I don't see why the county or VDOT chose to engage in non-standard signage here.
    Because car privilege. This entire farce is because cars aren't allowed to be held up the way pedestrians are.

  3. #13
    DismalScientist is offline I really need to log off the internet and go for a ride.
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    Quote Originally Posted by mstone View Post
    Because car privilege. This entire farce is because cars aren't allowed to be held up the way pedestrians are.
    Exactly how does a sign with a red X over a poorly visible right turn arrow reflect car privilege over a standard no right turn arrow?

  4. #14
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    Quote Originally Posted by DismalScientist View Post
    Exactly how does a sign with a red X over a poorly visible right turn arrow reflect car privilege over a standard no right turn arrow?
    Because the unthinkable (but obvious) alternative is a permanent "no right turn on red" sign. Nothing that intermittently regulates behavior while drivers aren't looking is going to be reliable.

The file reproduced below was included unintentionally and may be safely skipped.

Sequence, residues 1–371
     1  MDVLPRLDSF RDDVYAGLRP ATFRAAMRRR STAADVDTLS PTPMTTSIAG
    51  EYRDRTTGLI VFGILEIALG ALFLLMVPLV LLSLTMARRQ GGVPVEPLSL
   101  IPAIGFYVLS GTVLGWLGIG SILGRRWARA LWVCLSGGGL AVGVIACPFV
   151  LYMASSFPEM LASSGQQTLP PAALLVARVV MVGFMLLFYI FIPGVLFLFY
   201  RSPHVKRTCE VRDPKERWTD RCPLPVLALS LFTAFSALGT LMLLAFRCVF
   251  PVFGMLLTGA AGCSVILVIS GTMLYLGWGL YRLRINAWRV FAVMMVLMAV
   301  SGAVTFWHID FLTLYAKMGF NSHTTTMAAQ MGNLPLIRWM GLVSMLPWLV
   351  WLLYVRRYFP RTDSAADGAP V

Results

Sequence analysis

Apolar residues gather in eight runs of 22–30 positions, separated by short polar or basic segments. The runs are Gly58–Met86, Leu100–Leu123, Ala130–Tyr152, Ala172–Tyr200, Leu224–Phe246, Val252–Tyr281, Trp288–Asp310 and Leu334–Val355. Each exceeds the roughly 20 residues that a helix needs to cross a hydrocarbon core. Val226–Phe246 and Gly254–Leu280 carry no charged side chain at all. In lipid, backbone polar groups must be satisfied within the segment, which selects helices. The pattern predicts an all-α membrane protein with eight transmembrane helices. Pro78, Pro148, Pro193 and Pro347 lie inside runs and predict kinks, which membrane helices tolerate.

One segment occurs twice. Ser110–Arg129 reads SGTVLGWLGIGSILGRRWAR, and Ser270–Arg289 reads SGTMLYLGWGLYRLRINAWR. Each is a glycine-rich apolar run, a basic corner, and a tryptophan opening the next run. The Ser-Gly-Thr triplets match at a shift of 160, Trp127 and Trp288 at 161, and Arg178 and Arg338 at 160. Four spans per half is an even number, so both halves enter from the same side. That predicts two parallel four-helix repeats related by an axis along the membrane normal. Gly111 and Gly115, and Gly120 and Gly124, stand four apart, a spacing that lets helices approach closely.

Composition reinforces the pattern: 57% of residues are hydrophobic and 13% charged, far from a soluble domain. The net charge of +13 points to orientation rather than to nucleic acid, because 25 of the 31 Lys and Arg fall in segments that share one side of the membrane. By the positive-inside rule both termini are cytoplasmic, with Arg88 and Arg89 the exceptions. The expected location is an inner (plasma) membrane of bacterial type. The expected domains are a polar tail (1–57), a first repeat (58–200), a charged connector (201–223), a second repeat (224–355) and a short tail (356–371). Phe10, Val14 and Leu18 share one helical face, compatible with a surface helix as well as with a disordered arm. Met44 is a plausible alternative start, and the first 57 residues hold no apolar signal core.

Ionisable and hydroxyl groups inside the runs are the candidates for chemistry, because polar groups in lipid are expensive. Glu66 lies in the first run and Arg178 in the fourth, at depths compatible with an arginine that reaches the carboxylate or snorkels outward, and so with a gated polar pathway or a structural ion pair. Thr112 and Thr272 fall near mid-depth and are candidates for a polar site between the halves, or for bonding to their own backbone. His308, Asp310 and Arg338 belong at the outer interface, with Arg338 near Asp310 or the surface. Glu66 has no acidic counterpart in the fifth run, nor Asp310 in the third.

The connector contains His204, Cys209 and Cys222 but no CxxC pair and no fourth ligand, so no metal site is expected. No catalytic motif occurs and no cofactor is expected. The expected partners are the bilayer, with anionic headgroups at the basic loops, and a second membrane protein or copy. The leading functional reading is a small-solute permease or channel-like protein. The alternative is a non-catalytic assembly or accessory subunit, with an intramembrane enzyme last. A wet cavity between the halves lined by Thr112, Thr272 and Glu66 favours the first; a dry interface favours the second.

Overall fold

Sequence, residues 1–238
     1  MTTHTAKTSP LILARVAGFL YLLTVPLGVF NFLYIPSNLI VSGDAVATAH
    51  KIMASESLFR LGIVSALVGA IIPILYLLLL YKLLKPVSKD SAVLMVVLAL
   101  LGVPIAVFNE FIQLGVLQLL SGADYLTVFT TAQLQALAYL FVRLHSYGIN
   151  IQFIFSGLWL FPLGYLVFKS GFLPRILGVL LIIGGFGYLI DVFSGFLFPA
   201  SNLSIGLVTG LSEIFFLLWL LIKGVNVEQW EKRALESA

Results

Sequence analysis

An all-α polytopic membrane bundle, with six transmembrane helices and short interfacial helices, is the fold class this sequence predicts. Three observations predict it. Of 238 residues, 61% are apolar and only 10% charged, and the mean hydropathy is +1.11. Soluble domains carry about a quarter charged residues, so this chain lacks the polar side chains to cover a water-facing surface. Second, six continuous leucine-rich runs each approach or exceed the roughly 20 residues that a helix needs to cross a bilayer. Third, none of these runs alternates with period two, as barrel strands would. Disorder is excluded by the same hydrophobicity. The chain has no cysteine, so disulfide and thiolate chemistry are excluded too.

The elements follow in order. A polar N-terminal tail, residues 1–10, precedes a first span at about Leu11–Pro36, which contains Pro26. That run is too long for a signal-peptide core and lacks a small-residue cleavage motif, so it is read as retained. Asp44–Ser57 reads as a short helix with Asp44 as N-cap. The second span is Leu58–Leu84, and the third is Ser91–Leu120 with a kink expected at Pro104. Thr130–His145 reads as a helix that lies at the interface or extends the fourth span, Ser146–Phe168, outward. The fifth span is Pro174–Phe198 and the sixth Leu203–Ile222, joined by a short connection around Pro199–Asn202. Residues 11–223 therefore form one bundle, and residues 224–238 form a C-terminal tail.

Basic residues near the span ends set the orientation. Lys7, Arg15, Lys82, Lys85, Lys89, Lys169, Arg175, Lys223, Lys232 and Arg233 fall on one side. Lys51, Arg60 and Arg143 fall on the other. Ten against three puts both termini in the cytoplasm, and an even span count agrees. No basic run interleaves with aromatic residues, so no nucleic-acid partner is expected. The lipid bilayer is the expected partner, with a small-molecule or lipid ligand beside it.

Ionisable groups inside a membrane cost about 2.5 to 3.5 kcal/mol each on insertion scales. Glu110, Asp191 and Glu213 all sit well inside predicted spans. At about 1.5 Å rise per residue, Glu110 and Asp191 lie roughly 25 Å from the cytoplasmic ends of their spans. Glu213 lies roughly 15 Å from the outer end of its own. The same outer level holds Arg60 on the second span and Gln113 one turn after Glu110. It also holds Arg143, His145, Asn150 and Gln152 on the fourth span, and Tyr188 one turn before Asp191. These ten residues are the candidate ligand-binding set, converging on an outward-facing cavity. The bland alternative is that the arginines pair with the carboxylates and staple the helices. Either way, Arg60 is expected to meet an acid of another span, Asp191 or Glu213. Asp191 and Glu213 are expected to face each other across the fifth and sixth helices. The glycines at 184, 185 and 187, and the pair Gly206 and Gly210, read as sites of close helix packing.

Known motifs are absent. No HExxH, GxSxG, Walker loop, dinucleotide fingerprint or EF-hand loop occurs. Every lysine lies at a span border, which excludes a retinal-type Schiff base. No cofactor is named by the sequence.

5. #15
    DismalScientist is offline I really need to log off the internet and go for a ride.
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    A stoplight by definition intermittently regulates behavior. Furthermore, a red arrow at the bottom of the stack is nor likely to be "seen" than an X over arrow that is not part of traffic light stack.

    Proper signage is a different question than what the rules should be.

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    Quote Originally Posted by KLizotte View Post
    I don't ride through there during weekday rush hour but have found that the no turn on red sign to be very useful! Now if only we could get the same thing at the next intersection heading west on the Custis.
    I am up for getting rid of right turn on red everywhere for all times. I am old enough to remember the fights over it's introduction and was not convinced then as a child and am still not.

  7. #17
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    And at 19th and Lynn in Rosslyn.

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    Quote Originally Posted by DismalScientist View Post